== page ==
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Mechanicsville, Maryland

 

          It's one of the most important components of your truck -- without it, it's kinda hard to drive! But your seat is also one of the most overlooked pieces of the restoration puzzle. Fear not! Dive right in! As Roy shows us, it's not as hard as you think to perform a good ...


Seat Restoration
By Roy "RoyV" Vaillancourt
1951 Chevy 1/2-Ton
<<< click images for larger view >>> February 2009

Dog Approved!

My wife and I have been looking for an old pick-up truck to restore for some time and we finally found a 1951 Chevy 1/2-ton [ image ] that arrived on July 24, 2008. After getting it off the transport, we placed her in the driveway [ image ] and the three of us (me, my wife and the dog) began the inspection as to the shape of this new beauty.

New love is always blind. So this was one of the most beautiful things we’ve ever seen. Even the dog liked it [ image ].

As we inspected it all over, I took a lot of pictures to document the arrival and also record its “pre-restoration” condition. We were all anxious to get inside and try it out. Well ... almost.

The only one that would go inside was the dog. You see, the interior and the seat were in pretty poor condition [ image ]and we weren’t sure what “critters” lurked under all that vintage dirt, etc. Probably that's what attracted the dog???

So, seeing as I didn’t have any parts ordered for any area of the truck, I started my restoration on the seat just so we could at least sit in it from time to time and imagine what the completed vehicle would be like.

So out came the seat and frame and the restoration was underway.

 

As you can see from those previous pictures, the seat was in sad shape. It was old, smelly and loosing stuffing all around the edges. After the seat bottom, back, frame and side covers were removed, the seat pan revealed lots of dirt, rust and seat stuffing (picture to the left). It also revealed two stuck and broken seat adjusters. We’ll get to these later.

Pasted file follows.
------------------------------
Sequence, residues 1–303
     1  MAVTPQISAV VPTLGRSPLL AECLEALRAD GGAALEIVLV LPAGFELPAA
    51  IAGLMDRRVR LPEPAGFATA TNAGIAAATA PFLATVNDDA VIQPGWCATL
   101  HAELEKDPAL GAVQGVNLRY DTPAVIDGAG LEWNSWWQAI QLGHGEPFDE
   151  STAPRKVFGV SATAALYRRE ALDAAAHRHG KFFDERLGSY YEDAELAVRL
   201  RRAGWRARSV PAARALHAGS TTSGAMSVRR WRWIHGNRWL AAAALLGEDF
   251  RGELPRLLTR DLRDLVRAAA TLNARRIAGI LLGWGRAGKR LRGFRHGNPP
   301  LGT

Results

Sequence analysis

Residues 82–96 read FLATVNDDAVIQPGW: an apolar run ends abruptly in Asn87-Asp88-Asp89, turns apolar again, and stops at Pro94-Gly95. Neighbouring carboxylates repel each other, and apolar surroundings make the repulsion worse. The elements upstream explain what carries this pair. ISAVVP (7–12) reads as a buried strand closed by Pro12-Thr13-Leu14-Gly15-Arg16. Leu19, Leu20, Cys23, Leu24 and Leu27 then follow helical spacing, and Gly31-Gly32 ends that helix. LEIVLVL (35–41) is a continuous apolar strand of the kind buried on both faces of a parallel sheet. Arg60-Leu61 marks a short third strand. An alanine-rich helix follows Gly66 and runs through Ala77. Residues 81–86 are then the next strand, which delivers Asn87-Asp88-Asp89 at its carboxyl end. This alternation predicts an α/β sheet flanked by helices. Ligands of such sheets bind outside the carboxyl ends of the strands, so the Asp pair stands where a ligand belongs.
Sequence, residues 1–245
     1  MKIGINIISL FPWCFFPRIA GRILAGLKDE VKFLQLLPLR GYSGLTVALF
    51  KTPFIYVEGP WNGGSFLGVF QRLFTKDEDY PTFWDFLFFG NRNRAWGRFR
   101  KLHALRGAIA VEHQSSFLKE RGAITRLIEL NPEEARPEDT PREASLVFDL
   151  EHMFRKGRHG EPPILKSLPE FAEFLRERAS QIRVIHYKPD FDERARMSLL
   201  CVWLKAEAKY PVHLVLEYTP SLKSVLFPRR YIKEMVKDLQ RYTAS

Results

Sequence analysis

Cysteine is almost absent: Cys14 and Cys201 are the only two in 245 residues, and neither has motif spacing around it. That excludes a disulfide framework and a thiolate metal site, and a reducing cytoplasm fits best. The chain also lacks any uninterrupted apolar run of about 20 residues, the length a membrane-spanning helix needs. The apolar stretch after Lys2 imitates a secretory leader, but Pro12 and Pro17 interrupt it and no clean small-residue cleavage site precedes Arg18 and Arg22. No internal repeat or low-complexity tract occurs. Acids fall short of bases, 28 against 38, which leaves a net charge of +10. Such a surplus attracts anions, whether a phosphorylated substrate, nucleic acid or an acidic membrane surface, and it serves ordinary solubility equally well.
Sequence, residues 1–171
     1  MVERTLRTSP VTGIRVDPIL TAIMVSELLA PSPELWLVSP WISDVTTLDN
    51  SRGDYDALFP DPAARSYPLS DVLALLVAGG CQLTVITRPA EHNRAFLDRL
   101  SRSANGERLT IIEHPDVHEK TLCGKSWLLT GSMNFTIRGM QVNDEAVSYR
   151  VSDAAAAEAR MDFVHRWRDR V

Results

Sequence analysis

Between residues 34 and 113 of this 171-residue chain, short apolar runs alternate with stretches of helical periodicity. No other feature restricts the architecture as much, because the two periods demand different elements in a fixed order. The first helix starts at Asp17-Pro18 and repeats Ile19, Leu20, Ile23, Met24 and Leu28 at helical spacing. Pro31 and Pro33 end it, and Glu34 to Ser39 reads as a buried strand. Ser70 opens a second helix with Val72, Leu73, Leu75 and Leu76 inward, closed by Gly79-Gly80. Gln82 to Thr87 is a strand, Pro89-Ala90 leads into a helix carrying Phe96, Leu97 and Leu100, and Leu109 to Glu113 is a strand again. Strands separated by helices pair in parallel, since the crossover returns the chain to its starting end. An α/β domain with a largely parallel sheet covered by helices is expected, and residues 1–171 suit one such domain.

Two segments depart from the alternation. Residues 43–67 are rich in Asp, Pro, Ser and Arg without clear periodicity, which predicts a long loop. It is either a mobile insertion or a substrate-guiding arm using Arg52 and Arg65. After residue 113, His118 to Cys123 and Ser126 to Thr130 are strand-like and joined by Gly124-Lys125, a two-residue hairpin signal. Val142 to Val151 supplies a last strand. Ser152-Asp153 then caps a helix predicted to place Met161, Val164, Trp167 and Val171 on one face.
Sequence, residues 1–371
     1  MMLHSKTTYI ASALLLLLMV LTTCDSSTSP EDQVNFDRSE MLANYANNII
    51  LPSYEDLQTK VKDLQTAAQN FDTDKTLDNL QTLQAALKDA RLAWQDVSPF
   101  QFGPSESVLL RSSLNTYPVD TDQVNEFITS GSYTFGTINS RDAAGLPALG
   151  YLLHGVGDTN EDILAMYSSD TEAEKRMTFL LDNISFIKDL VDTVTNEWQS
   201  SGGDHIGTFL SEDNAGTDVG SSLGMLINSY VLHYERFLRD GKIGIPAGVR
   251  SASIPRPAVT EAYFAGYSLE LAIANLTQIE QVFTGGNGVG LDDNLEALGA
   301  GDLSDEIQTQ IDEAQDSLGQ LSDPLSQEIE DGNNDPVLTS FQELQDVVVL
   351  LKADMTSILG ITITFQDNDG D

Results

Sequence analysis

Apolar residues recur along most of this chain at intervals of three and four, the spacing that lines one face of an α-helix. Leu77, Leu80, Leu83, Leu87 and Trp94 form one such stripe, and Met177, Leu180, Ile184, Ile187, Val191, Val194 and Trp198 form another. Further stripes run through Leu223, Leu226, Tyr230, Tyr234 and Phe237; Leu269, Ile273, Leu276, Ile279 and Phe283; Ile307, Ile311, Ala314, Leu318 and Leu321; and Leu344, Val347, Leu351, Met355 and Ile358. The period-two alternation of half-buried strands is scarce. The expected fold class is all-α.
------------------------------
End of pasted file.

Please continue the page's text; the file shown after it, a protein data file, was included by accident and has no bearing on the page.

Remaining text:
The next step was to strip the seat and back down to the bare frames ( picture to the left ). There was nothing to save as far as cushion and covering material goes. So all of it went in the trash.

Next was some careful inspection of the frames, springs and supports. These were in need of help as the frames were bent, broken and rusty in many spots ( see this close-up image ). The frames were straightened using a ball-peen hammer and a few different size blocks of wood, and gently reshaping everything back to its original spot. Then the appropriate areas were welded together [ image ] and ground / sanded to blend in all the welds [ image ] . Numerous springs and support rods were also repaired. I did all this welding with an Oxy-Acetylene torch.

After all the repair work, the frames were treated to some paint remover and then pressure washed. Next step was to paint all the frame bases and perimeter supports with POR 15 (pictures on left and right).

Then the entire frame set was top coated with Rust-Oleum semi-gloss black.

The next step was off to the upholstery shop. Here we picked out a material that is used for seats in fire trucks. Just so happens the right shade of grey with the right texture is still available. We chose this material because it is extremely durable and we figured the truck would get a good deal of use. You see, I’m restoring this to be driven daily for all those “around town” chores and the dog would be traveling on board a lot. So while at the upholstery shop, I showed the guys there the stitch pattern -- I wanted to replicate an original seat. "No problem" they said. "Come back in two or three weeks."  Ok, so off I go.

With the seat off at the “seat hospital,” I turned my attention to the seat frame. This was pretty straight forward. Some welds had cracked and broken over the years. These were re-done and ground.

Then all the old paint was stripped and pressure washed. After it all dried, I applied a coat of Rust-Oleum primer (picture on the left),  followed by a few coats of the Rust-Oleum semi-gloss black (picture to the right).

That took care of that.